The news this week that Playboy has gone non-nude has been heralded as a victory for feminism, but I could not disagree more.
Playboy has been struggling ever since the birth of the Internet as millions (and then billions) of people suddenly had access to unlimited pornography for free in the privacy of their own homes. While other pornographic entrepreneurs made their fortune, the traditional incumbent providers such as Playboy, Penthouse and Hustler struggled to retain their relevance.
I had a shoot with Mia for my female equality project last night and we shot a couple of images towards the end for fun. I’m still evolving my black and white style, but really liking how these came out.
Lighting is a single Elinchrom head on a boom with an umbrella angled down toward Mia with a large black board just out of shot. Very little post-production here: monochrome conversion in Silver Efex Pro 2 and a few tweaks in Lightroom CC.
Earlier this year, I decided to kick-off my female equality project and recently started shooting it in earnest, so thought I’d share my experiences so far.
The initial reaction has been phenomenal, I had 120 people apply in little over 48 hours from all parts of the UK (and further afield). The stories and conversations I’ve had were both inspiring and, in some cases, quite upsetting — and it made me all the more adamant this was an important project to pursue.
The number of stories about rape, spousal abuse, cyber-bullying and depression shocked me, but there were others around activism and proactively wanting to take the message around the over-sexualisation of women out the wider world. Continue reading May – Project Launch→
I recently had the opportunity to shoot the fantastic Ifa Brand — a Belgian model over in the UK for a few days. Here are a few shots as a preview, but the entire set was published over at NIF Magazine:
I usually shoot within the studio, but I’d wanted to try shooting in more natural conditions and working with Ifa in her London apartment was the perfect opportunity. The vast majority of the shots were taking using my Fujifilm XT-1 @ f1.4 ISO1600 without any sort of flash.
At the end of the night, we took a few colourful shots within the wetroom using the Canon EOS7D with a strong direct flash from a 580EXII.
I’ve been shooting models for the best part of 7 years now and sharing my work more widely on social media for the last 2, and one of the most frustrating trends I’ve seen has been their attitudes toward the female form — while videos of murder were protected under “freedom of speech”, the female body was classified as “offensive content”. It upset me that what I saw as dysfunctional, conservative and (predominantly) American attitude to nudity was being forced upon billions of people worldwide by companies such as Facebook and Apple.
This bizarre hypocrisy got me thinking further about Western attitudes to nudity and the unhealthy relationship we have with it.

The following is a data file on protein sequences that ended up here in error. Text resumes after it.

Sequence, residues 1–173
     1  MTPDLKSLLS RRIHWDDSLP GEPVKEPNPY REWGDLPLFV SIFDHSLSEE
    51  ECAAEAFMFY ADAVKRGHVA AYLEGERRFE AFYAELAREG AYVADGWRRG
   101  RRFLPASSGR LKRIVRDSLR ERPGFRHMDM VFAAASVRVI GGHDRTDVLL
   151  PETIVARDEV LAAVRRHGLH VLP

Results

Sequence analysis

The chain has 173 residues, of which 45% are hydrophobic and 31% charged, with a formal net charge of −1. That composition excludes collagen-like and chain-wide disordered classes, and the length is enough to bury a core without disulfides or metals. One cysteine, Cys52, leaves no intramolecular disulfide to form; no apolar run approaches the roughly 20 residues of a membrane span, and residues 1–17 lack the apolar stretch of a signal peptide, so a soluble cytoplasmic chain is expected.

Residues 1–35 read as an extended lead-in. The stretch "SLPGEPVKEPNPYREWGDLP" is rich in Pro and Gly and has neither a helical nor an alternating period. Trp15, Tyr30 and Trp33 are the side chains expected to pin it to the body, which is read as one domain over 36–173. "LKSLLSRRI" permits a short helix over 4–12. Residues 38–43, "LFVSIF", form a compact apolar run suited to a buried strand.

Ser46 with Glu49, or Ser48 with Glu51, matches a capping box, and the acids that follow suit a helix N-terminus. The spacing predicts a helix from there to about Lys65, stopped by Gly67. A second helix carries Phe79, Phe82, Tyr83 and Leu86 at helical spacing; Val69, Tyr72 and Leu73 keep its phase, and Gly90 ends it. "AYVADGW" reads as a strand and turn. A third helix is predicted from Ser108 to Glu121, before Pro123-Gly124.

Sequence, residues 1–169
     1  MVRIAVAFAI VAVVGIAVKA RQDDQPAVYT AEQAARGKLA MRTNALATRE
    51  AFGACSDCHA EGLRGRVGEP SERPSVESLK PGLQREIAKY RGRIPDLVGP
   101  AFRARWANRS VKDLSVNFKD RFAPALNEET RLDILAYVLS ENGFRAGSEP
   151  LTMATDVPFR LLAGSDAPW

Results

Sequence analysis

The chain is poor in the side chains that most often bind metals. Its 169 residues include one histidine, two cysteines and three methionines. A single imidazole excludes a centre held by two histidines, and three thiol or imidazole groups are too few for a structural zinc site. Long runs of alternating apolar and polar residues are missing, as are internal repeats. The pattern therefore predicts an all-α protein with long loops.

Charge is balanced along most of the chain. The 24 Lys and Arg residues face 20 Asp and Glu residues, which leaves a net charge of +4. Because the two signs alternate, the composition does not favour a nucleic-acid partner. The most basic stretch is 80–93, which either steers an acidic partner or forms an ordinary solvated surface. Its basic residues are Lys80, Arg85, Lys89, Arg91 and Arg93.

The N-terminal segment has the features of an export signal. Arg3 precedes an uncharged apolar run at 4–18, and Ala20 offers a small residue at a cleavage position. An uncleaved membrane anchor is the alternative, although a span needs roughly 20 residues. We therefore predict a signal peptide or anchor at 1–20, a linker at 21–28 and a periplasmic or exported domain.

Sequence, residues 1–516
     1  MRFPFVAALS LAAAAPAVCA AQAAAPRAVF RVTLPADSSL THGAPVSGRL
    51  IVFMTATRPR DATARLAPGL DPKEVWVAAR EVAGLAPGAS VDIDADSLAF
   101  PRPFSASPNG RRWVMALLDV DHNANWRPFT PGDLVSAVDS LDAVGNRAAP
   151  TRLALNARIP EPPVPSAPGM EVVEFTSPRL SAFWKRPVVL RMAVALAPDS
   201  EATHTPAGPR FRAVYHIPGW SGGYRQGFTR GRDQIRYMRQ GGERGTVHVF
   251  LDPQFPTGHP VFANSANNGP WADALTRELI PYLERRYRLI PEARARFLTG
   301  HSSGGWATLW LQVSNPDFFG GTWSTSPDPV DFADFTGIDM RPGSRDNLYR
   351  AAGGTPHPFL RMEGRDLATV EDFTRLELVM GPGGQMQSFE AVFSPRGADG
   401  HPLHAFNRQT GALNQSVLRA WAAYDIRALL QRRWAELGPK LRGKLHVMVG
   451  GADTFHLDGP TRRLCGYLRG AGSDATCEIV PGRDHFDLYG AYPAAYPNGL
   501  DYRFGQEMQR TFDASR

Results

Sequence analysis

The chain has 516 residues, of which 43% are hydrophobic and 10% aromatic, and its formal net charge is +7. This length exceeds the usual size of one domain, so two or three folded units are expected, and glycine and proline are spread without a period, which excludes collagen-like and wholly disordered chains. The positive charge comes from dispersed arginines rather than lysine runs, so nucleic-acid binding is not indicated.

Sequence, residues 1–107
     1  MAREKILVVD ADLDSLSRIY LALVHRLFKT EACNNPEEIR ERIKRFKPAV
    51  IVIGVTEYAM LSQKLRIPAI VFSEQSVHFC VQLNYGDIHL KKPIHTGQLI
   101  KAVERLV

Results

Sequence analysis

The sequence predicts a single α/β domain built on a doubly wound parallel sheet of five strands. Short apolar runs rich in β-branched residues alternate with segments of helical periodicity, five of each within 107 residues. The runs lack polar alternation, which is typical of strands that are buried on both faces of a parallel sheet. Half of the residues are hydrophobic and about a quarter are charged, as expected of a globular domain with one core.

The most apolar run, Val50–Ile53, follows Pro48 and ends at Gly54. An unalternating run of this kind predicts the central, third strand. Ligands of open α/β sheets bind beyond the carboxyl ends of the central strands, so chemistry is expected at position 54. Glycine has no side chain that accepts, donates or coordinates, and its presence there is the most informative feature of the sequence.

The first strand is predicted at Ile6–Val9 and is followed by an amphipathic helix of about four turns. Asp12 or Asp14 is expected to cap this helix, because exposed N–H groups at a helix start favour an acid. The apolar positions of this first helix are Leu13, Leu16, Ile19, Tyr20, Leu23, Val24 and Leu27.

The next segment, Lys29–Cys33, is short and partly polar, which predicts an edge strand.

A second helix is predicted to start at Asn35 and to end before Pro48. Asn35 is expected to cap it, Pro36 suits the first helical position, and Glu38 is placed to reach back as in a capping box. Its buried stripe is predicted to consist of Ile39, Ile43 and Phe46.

Why do social media platforms actively defend people’s rights to share horrific, violent images and videos of murder, animal cruelty and other violence, yet deem female nudity (including the artistic and the natural) as offensive?
Why are women both idolised and vilified for modelling? Why is there a prevalent attitude that a women’s own “self-worth” is inversely proportional to how many clothes she wears?
Does the glamour industry take advantage of women or is it another way for women to empower themselves? Are feminist movements that look to ban Page 3 and similar “lads mags” a well-intentioned attempt at stopping meaningless objectification of women or is it an idea taken too far? Indeed, do photographers such as myself do more harm than good?
These attitudes and “cultural norms” have a much more serious effect. If Western society can only see female nudity as sexualised, it accounts for the attitude that rape is often the fault of the victim due to what they wore (or don’t wear), how they must have been asking for it, or we leading the perpetrator on. Why are rape victims still being blamed for their misfortune?
What do I want to achieve?
I set about creating this photography project with the idea of photographing a wide-range of participants who are passionate about equality for women. This isn’t about forcing nudity down people’s throats, it is normalising female nudity so that Western society realises that we have a self-imposed view that all female nudity is sexual but men’s is not — and the dangerous and eroding effects this has on our culture more broadly.
We cannot teach young girls to be proud of their bodies and that women come in all shapes and sizes, only to teach them to hide it away to avoid becoming victimised, raped or harassed.
We cannot proselytize equality for the sexes only to vilify women who are confident enough to show their bodies and chose to wear what they want.
We cannot continue to allow large companies to force their myopic moral standpoints on one sex and not the other due to their misguided attitude that all female nudity is sexual.